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TVA Reports Sales Flat in First Fiscal Quarter 2013
The Tennessee Valley Authority reported Tuesday that electricity sales were relatively flat in the first quarter of fiscal year 2013, total revenues were consistent with the prior year and net income was down.
“TVA’s total operating revenues remain on plan,” new President and CEO Bill Johnson said. “We continue to drive performance and process improvements in order to provide cleaner and low-cost energy to our customers.”
Higher off-system sales as a result of excess generation and closer to normal temperatures for the period, compared with even warmer weather a year ago, contributed to a slight 0.2 percent increase in total electricity sales, TVA said in its quarterly filing to the U.S. Securities and Exchange Commission for the three months ended Dec. 31, 2012.
Sales to TVA’s municipal and cooperative power distributors were up primarily due to the weather. Offsetting these increases were lower sales to directly served industrial customers.
Operating revenues were $11 million higher compared with last year. The increase was primarily due to an $82 million increase in fuel cost recovery and a $14 million increase in other revenue sources, partially offset by an $85 million decrease in base revenue. TVA is transitioning to time-of-use rate structures with its customers, which may result in reduced overall effective base rates in certain periods and higher rates in others.
“As expected, the change in rate products is better aligning rates with the cost of service. We are seeing reduced base rates during transition months and winter months, and expect to see higher revenues during the summer months,” Chief Financial Officer John Thomas said. “However, cost-savings actions we took last year have positioned TVA to remain financially healthy throughout the year.”
Total operating expenses were 4 percent higher than the same period last year, driven primarily by a 24 percent increase in fuel expenses. Offsetting the higher fuel expense was a 23 percent decline in purchased power expenses, as TVA used more of its own generation sources to meet demand. Operating and maintenance expense increased by $39 million, or 4 percent, in the first quarter of 2013. This increase was primarily driven by a $111 million increase for nuclear refueling outages in the first quarter, compared with no refueling outages in the same period last year. Partially offsetting this increase was a $49 million decline in coal-fired operation outage and project expenses.
TVA reported a net loss of $245 million on operating revenues of $2.58 billion in the first quarter of 2013, compared with a net loss of $173 million on revenues of $2.57 billion in the same period last year.
TVA executive management will host a first quarter fiscal year 2013 financial conference call at 9:30 a.m. EST on Tuesday, Feb. 5, 2013. The conference call can be accessed on TVA’s website via webcast at http://www.tva.com/finance. For quick access to the live conference call, please pre-register now by going to TVA’s website before the scheduled start time and follow the instructions provided. Once pre-registered, the dial-in number will be provided via an email. If you are unable to pre-register, you may access the conference call by dialing toll free 877-270-2148 in the United States or in Canada, or 412-902-6510 outside the United States. A replay will be available one hour after the end of the conference call until 5:00 p.m. EST, Feb. 12, 2013, by calling toll free 877- 344-7529 in the United States or (412) 317-0088 outside the United States and using the conference number 10023947. A webcast replay and transcript will also be available for one year on TVA’s website at http://www.tva.com/finance.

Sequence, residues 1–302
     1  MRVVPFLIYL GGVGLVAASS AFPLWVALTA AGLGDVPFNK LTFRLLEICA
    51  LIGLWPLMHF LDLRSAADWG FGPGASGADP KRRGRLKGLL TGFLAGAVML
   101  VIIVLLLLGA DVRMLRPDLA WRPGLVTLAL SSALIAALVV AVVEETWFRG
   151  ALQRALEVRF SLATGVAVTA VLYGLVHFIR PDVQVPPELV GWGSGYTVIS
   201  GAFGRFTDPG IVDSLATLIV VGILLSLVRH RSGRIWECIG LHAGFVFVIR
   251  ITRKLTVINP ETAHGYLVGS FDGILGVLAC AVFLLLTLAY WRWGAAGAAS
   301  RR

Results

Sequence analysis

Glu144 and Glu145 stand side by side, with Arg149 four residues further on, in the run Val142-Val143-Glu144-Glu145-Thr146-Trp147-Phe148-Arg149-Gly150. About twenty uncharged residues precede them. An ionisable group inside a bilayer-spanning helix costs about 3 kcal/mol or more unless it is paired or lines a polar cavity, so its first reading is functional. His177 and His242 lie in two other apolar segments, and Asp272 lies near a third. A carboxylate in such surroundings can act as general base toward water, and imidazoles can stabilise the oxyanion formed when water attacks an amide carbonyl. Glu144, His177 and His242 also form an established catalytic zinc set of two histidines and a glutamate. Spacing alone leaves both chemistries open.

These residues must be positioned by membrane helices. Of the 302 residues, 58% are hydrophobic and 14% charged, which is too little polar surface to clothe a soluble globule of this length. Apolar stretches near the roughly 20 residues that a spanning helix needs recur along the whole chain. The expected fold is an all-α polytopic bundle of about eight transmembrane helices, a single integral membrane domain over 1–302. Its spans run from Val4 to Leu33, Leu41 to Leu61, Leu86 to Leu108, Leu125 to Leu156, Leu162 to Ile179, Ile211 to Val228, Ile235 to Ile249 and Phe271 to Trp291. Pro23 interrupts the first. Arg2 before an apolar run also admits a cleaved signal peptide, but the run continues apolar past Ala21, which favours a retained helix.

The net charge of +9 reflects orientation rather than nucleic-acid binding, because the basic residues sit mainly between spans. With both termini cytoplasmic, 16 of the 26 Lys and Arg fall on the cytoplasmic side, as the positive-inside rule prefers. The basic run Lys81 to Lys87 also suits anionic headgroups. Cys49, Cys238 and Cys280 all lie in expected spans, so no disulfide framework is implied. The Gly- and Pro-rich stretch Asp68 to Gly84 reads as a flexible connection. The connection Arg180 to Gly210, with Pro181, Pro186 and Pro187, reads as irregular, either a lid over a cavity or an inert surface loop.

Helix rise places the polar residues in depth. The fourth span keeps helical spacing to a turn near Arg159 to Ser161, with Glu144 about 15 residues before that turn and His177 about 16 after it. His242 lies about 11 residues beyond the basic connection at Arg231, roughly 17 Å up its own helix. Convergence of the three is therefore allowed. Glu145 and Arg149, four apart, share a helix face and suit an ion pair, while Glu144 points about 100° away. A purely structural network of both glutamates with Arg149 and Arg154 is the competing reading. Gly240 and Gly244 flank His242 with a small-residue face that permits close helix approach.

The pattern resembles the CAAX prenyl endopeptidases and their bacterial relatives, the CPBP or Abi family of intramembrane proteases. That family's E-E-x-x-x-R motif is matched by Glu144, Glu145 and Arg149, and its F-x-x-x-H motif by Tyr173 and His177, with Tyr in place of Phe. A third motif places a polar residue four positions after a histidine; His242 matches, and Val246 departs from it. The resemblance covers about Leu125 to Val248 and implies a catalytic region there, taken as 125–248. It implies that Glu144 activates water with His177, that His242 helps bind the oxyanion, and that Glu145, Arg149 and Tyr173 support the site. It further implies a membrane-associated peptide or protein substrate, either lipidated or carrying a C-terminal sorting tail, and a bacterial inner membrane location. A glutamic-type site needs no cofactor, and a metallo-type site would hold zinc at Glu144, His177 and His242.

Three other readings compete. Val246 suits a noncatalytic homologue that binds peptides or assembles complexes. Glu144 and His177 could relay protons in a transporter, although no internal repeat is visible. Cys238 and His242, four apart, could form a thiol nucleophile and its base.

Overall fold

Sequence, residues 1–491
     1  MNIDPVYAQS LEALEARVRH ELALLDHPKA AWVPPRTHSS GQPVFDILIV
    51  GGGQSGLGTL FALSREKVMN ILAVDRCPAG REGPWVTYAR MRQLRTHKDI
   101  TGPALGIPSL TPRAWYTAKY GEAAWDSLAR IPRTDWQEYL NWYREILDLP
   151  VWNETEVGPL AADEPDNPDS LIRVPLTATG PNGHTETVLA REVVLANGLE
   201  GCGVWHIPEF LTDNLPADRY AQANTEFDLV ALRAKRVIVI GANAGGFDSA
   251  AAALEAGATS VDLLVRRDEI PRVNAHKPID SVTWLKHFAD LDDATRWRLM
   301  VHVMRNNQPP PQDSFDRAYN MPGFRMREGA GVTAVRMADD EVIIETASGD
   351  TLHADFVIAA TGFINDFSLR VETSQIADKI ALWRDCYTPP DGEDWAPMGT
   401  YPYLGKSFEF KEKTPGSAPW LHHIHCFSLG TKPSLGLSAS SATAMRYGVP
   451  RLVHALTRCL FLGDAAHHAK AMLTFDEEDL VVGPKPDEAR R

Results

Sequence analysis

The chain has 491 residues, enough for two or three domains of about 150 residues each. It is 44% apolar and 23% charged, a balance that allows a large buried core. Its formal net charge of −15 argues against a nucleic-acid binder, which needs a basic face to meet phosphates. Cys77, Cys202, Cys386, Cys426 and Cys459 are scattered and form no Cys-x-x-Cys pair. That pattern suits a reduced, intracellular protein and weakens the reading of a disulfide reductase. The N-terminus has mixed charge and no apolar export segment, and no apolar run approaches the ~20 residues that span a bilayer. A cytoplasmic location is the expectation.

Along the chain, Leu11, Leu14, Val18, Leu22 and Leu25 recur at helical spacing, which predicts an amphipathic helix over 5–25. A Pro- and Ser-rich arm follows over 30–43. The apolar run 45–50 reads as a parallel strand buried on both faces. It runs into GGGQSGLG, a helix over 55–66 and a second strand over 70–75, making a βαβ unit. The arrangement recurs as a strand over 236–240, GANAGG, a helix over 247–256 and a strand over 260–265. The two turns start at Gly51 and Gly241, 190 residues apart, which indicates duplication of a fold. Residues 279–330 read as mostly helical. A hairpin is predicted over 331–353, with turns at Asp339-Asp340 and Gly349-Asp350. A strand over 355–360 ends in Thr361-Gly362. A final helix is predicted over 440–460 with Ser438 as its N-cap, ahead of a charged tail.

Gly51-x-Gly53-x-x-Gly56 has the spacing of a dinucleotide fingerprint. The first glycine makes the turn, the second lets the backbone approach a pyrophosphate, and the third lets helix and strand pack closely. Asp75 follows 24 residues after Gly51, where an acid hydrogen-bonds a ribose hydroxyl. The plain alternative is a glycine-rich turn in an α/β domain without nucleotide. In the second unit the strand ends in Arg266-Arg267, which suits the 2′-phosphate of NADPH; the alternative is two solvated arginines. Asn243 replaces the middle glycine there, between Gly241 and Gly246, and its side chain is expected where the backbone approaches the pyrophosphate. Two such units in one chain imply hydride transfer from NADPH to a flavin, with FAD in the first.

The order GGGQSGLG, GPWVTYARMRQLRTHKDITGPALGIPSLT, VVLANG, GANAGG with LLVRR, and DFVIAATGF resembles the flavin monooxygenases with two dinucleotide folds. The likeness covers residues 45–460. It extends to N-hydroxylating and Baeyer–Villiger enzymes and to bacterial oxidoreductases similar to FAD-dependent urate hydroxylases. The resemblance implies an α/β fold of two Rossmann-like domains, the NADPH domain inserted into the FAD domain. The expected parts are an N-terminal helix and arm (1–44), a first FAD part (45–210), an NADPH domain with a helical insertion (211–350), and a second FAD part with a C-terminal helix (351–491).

TVA’s quarterly report on Form 10-Q provides additional financial, operational and descriptive information, including unaudited financial statements for the quarter ended Dec. 31, 2012, and is available to investors and the public. TVA SEC reports are also available without charge on TVA’s website at http://www.tva.com/finance or on the SEC’s website at http://www.sec.gov or by calling TVA toll free at (888) 882-4975.
Wednesday, February 6 2013, 11:58 AM EST
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Last Update on September 02, 2014 07:31 GMT
LONDON (AP) -- The euro has fallen to a near one-year low against the dollar in the wake of soft European economic data and uncertainty over the crisis in Ukraine.
Europe's single currency fell to a low of $1.3119 after a survey Monday showed that the manufacturing sector across the 18-nation eurozone lost momentum in August. The euro hasn't been lower since early September of last year.
The main reason behind the euro's recent weakness has been a growing expectation that the European Central Bank may be considering a monetary stimulus to boost the ailing eurozone economy. In the second quarter, growth in the eurozone ground to a halt.
The crisis in Ukraine has also hobbled the eurozone's economic outlook. Uncertainty over how the conflict will turn out has made businesses hesitant to invest.
FRANKFURT, Germany (AP) -- Europe's economic recovery is in danger. Governments are under pressure to save it, but they are also struggling with political obstacles and disagreement among themselves over what to do.
Instead, the region is pinning its hopes -- once again -- on the European Central Bank, which is expected to launch new stimulus measures if the economy gets any worse.